About a mile away, on the eastern edge of the moor, is a solitary standing stone known as the Cop Stone.
The Bronze Age sites of Askham Moor are located on open access land criss-crossed by well-used paths and tracks. They can be accessed on foot from either Pooley Bridge or Askham. Both the Cop Stone and The Cockpit are close to bridleways, so can also be visited by off-road cyclists and horse riders.
There’s something very special about the way Ullswater, the National Park’s second largest lake, draws you in over its eight-mile length, pulling you ever closer to the mountains. Before you know it, the gentle slopes and farmland around Pooley Bridge at its north-eastern end are forgotten and the fells are crowding in, their crags tumbling right down to the water’s edge in places.
Only a 15-minute drive from junction 40 of the M6 motorway, Ullswater receives a lot of visitors, but the absence of a major lakeside town means it has kept its romance. The poet William Wordsworth called it “the happiest combination of beauty and grandeur”, and it’s hard to argue with his assessment more than 200 years later.
There are several settlements close to the lake including Watermillock, Howtown and Dacre, but most visitors will find themselves, at some point, in Pooley Bridge, Glenridding or Patterdale. Although little more than small villages, each has good facilities for visitors including accommodation, places to eat, car parks, public toilets and a few small shops. All three are on the route of the 508 bus from nearby Penrith, while Pooley Bridge and Glenridding also have Ullswater ‘Steamer’ piers, enabling visitors to enjoy leisurely boat trips up and down the lake all year round.
To see the lake and its environs from one of the ‘steamers’ is special, but to experience it from a kayak, dinghy or small motor boat really is hard to beat. These and other vessels can be hired from a number of places, including the Glenridding Sailing Centre, Lakeland Boat Hire and Ullswater Yacht Club near Pooley Bridge and St Patrick’s Boat Landing at Glenridding.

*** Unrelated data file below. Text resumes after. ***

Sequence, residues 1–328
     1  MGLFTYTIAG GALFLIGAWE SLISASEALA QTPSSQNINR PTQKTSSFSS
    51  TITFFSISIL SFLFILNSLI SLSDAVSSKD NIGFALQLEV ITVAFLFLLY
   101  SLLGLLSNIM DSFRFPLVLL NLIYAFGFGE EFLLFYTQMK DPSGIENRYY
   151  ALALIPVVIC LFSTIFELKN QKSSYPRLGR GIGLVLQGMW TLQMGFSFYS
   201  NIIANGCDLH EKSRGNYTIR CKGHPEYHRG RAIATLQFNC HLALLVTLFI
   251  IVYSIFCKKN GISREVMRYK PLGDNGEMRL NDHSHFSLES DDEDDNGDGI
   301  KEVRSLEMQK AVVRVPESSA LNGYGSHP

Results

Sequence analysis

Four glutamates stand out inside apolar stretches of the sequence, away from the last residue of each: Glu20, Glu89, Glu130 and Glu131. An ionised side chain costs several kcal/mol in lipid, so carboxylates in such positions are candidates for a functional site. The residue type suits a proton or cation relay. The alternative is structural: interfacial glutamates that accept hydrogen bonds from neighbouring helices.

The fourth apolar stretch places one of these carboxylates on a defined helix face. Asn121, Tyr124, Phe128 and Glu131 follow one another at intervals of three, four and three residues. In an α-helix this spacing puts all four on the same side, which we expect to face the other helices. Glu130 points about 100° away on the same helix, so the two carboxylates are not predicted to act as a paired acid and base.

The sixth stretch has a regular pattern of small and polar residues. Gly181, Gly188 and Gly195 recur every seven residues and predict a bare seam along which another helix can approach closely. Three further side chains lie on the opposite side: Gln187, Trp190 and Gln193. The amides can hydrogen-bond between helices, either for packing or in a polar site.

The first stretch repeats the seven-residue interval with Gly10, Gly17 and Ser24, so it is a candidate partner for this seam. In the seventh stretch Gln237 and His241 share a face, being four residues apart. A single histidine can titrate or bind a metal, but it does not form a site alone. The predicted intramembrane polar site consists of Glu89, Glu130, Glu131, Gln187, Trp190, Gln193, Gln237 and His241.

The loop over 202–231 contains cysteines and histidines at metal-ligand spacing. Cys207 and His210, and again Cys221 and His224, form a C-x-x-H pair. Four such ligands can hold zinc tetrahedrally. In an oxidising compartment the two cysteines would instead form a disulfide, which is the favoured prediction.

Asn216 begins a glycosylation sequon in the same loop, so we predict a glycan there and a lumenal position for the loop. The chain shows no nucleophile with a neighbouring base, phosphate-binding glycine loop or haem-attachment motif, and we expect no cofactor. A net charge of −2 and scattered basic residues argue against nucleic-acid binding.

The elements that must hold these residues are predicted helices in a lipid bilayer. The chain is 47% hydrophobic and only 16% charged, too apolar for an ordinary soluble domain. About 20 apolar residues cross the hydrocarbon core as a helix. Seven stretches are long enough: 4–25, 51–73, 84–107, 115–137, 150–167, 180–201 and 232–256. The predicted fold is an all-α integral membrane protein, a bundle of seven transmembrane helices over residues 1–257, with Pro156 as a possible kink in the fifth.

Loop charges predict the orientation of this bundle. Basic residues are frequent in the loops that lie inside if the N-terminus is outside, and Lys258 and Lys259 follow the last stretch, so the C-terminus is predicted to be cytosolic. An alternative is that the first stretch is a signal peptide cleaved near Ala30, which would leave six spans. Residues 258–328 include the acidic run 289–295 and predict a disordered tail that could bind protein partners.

The choices for walkers setting out from the valley are endless. There are fells galore to climb – from teeny Hallin Fell at just 1273ft (388m) to Helvellyn, England’s third highest mountain at 3116ft (950m). One of the most popular routes is to climb Helvellyn via its vertiginous arêtes – Striding Edge and Swirral Edge – although this shouldn’t be attempted by anyone but fully equipped mountaineers when winter conditions arrive. Place Fell, the Deepdale Round and the High Street Roman Road are all excellent fell walks, while Brothers Water, Dovedale and Grisedale provide shorter, low-level alternatives.
The waymarked Ullswater Way completes a 20-mile circuit of the lake, keeping to lakeshore paths for much of the time but also paying occasional visits to the low fells. It also drops in on Aira Force, one of the most spectacular waterfalls in the Lake District. Here, surrounded by beautiful woodland, Aira Beck plunges a massive 72ft on its journey from the northernmost hills of the Helvellyn range to Ullswater. Well-maintained trails explore the gorge and surrounding arboretum. Stand on the humpback bridge over the top of the waterfall to witness the whirling torrent plummet through the sheer-sided ravine, or gaze up at it from the platform at the bottom, feeling the spray from the water on your skin. After heavy rain, the sight and sound of this watery spectacle is truly overwhelming.